Suggested further reading: 1 Corinthians 9:24 - 10:6
The facts recorded about Anna are few and simple but full of
instruction. Anna was a woman of irreproachable character. After
a married life of only seven years' duration she had spent
eighty-four years as a lone widow (vv. 36-37). The trials, desolations and
temptation of such a condition were probably very great. But Anna,
by grace, overcame them all. She answered the description given
by Paul (1 Tim. 5:5).
Anna was a woman who loved God's house (v. 37). She
regarded it as the place where God especially dwelt. `Nearer to God,
nearer to God,' was the desire of her heart, and she felt never so near
as within the walls that contained the ark, the altar and the holy
of holies. She could enter into David's words (Ps. 84:2).
Anna was a woman of great self-denial (v. 37). She was
continually crucifying the flesh and keeping it in subjection by
voluntary fastings. Being fully persuaded in her own mind that the
practice was helpful to her soul, she spared no pains to keep it up.
Anna was a woman of much prayer (v. 37). She was
continually communing with God, as her best Friend, about the things that
concerned her own peace. She was never weary of pleading with him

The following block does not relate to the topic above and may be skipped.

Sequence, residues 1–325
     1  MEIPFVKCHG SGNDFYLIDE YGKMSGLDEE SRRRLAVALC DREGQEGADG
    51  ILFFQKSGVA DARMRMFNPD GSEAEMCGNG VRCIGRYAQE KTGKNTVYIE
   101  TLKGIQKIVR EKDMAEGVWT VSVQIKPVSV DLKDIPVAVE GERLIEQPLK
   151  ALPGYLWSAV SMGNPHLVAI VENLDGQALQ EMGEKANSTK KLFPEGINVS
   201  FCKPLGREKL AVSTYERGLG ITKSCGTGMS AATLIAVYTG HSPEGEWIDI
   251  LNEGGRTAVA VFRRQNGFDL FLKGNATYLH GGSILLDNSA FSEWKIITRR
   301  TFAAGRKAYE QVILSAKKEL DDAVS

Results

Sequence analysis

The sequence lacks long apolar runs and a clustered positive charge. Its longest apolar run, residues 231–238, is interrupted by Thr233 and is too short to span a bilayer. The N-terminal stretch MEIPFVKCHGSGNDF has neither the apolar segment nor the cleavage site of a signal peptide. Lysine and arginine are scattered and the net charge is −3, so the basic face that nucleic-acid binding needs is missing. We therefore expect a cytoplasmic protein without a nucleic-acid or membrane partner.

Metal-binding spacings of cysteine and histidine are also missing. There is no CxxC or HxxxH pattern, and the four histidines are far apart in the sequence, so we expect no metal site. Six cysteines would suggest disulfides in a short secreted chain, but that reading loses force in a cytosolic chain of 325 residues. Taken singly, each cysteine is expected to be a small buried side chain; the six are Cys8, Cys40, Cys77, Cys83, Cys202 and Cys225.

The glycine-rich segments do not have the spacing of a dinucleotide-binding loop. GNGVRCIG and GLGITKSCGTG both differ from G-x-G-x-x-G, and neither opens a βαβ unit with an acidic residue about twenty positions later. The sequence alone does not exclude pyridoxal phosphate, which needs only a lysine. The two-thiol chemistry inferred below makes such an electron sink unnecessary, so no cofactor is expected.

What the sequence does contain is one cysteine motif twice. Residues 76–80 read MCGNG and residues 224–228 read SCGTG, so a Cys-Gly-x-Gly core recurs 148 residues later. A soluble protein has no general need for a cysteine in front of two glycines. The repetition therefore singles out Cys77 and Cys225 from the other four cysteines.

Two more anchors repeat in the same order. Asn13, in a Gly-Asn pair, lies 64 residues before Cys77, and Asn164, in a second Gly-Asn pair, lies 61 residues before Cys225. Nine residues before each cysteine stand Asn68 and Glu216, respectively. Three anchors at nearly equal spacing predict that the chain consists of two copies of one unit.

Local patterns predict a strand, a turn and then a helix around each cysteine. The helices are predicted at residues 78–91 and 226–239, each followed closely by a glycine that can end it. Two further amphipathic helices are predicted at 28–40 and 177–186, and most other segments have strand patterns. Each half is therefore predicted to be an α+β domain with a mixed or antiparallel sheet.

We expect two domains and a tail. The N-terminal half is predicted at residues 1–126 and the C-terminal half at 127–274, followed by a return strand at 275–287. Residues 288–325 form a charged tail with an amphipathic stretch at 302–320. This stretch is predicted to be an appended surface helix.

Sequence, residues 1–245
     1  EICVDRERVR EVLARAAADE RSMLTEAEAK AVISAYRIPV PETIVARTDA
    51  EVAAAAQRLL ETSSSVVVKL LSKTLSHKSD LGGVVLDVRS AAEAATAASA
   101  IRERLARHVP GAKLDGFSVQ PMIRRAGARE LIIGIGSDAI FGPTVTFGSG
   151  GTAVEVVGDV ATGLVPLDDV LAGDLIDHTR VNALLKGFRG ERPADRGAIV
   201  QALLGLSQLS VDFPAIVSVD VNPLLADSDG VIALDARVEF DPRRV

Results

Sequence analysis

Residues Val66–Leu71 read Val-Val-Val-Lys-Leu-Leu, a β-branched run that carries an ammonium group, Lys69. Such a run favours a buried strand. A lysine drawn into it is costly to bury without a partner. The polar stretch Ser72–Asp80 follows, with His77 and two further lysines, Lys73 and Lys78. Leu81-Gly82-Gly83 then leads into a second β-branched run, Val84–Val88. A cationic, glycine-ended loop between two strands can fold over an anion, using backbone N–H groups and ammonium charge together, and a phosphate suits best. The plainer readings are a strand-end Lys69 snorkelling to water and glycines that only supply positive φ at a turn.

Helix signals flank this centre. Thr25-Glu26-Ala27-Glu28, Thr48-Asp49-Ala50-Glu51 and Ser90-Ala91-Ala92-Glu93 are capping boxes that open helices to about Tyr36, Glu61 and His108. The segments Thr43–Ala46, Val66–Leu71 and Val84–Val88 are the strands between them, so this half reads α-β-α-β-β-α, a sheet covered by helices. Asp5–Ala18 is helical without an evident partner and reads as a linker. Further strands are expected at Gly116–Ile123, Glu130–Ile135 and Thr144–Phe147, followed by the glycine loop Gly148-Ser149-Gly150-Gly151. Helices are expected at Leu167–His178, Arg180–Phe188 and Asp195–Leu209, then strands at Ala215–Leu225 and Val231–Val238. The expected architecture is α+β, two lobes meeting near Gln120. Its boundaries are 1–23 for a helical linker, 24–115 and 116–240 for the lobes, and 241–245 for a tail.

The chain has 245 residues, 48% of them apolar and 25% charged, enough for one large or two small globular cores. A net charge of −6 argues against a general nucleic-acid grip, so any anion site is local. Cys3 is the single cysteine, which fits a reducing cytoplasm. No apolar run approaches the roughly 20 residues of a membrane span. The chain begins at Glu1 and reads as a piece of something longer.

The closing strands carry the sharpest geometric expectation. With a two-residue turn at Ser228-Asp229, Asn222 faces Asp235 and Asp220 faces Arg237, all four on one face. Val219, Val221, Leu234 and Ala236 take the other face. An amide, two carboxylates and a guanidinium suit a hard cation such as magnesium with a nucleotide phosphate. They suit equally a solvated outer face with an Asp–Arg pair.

on behalf of others and, above all, for the fulfilment of his promises
Anna was a woman who held communion with other saints
(v. 38). As soon as she had seen Jesus she spoke of him to others in
Jerusalem who enjoyed the same hope. With her they walked by faith
and not by sight. They lived in faith that the coming Redeemer
would bring in holiness and righteousness.
Anna received a rich reward for all her diligence in God's
service before she left the world. She was allowed to see him who
had been so long promised and for whose coming she had so often
prayed. Her faith was at last changed to sight and her hope to certainty.
For meditation: Anna is an example to us by which we will do
well to measure our own lives. She was consistent, holy, prayerful
and self-denying. Are we?